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Keep sun shining on public records

A Times Editorial
Published March 11, 2007


One of Charlie Crist's first acts as governor was to publicly embrace the value of government in the sunshine. He created the Office of Open Government, saying that under his administration transparency will be "like never before." That's a welcome change in attitude from the prior administration.

Today is "Sunshine Sunday," a day when we join other newspapers across the state in raising public awareness of the importance of open government. The goal is to remind citizens of their right and duty to hold their elected government accountable.

Our state's commitment to public access to the workings of government allows not only the news media, but all Floridians, to act as watchdogs. Without open records laws, there would be no way to examine contracts surrounding large public works projects for sweetheart deals or conflicts of interest. There would be no way to learn of an investigation of a police officer who has used excessive force. Just knowing their actions can be scrutinized keeps some public officials more honest and above board than they might otherwise be.

Yet every year, the Legislature offers up an array of new ways to shield the workings of government from citizens. More than a thousand public records exemptions are already on the statute books, and lawmakers this session will be considering new measures that have the potential to limit access to huge numbers of government-produced records.

The governor will need to exert strong leadership to prevent these measures from becoming law. This legislative session will test Crist's commitment to open government.

The most dangerous proposals in the works would close off public records containing any personal identification information, unless the subject of that information gives permission. The bills, HB 1213 and SB 2818, may be aimed at protecting people from identity theft, but they would take the state in the wrong direction. House Bill 1213 is co-sponsored by Rep. Bill Proctor, R-St. Augustine. The Senate bill, SB 2818, is sponsored by Sen. Victor Crist, R-Tampa.

The bills would exempt a public record from disclosure if it contained any personal identifying information, defined as a name, mailing address, telephone number, etc. Official records would not be included under this exemption, but many more records of public interest would be sealed off.

Let's say you were interested in checking on the professional license of a contractor. You would have to first get his written permission. And if you wanted to investigate the personnel file of the local sheriff to see how much taxpayers are paying him, he would have to agree.

Adria Harper, director of the First Amendment Foundation, suggests that even criminal records could be exempted from public records laws under this legislation, preventing the public from discovering criminal histories of their neighbor or nanny.

Other bills would make it a crime to possess someone else's personal information. These bills, HB 1117, sponsored by Rep. John Legg, R-Port Richey, and HB 1211 and its companion SB 2268, sponsored by Rep. Proctor and Sen. Stephen Wise, R-Jacksonville, would gut access to many public records but come at it another way.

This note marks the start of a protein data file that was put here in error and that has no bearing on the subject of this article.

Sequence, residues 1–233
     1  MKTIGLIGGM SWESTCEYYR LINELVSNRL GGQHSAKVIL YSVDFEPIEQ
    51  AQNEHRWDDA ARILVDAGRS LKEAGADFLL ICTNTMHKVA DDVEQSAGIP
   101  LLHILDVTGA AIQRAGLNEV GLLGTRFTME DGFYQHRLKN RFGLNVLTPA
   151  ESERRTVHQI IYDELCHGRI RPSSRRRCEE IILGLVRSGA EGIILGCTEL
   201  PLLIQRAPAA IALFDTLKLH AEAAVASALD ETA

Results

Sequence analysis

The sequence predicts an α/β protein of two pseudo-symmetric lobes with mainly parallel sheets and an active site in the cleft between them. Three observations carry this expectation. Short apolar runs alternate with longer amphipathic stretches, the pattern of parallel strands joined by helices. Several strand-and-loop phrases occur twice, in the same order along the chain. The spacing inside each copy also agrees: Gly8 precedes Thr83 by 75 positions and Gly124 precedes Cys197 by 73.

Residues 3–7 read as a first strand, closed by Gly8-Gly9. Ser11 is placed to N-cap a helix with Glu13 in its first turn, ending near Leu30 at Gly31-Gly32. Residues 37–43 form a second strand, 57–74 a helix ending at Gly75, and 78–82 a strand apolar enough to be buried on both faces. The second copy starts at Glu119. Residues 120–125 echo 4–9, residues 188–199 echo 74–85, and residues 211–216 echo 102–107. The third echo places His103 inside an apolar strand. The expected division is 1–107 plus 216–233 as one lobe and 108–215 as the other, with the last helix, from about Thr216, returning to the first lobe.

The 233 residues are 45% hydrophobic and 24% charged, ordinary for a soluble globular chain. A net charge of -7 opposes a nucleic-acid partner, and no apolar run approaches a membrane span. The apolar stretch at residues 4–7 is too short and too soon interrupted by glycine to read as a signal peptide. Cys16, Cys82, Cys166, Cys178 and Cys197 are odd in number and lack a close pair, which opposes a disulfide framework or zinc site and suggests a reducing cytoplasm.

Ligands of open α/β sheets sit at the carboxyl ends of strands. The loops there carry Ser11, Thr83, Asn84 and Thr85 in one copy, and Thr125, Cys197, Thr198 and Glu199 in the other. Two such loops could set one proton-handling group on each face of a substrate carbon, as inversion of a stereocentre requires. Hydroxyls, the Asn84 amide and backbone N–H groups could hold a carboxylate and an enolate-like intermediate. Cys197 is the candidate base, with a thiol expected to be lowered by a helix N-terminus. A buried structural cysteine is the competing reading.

House Bill 1117 would make it a third-degree felony to possess "sensitive personal information" without first obtaining permission of the subject. House Bill 1211 and SB 2268 would make it a second-degree misdemeanor to obtain and distribute personal identification information without the subject's permission.

These measures seem to apply to individuals and not corporations, but they would still have a chilling effect on a free press. Every journalist in the state - particularly freelancers and those who aren't associated with large news organizations - could face prosecution for collecting and reporting personal information on a story subject.

Only when personal information is obtained in a fraudulent or deceitful manner, or is to be used for fraud or theft, should its possession be a criminal act. Otherwise, the First Amendment is violated.

Another bill to watch, SB 1182, comes out of the Senate Commerce Committee. It would grant an indefinite exemption to some of the records generated by the state's economic development agencies. These agencies entice businesses to Florida or convince them to remain here, usually by dangling tax incentives.

There are real reasons to question whether Florida gets what it pays for in these deals. Often, the promise of bringing good jobs to the state is illusory at best.

The public should at least be able to determine whether a company that won substantial tax breaks actually fulfilled its promises and expanded employment with good-paying jobs. But SB 1182 would shield from public view records on the average wage paid for any newly created jobs, among other economic incentive information held by the agencies.

These bills are the worst of the bunch. But it is hard to know whether something worse isn't planned. At least a dozen shell bills have been filed - bills that express a legislative intent to create a public records exemption but without any details yet. They are place-holder bills, and they are where mischief can occur.

Government in the sunshine is a hallmark of our state. Our new governor was an advocate for open government as attorney general, and he has boldly reaffirmed that commitment in the early going of his new job. We are counting on him to continue to stand up for the people's right to know in the face of a Legislature all too willing to erode that right.

[Last modified March 11, 2007, 01:21:13]

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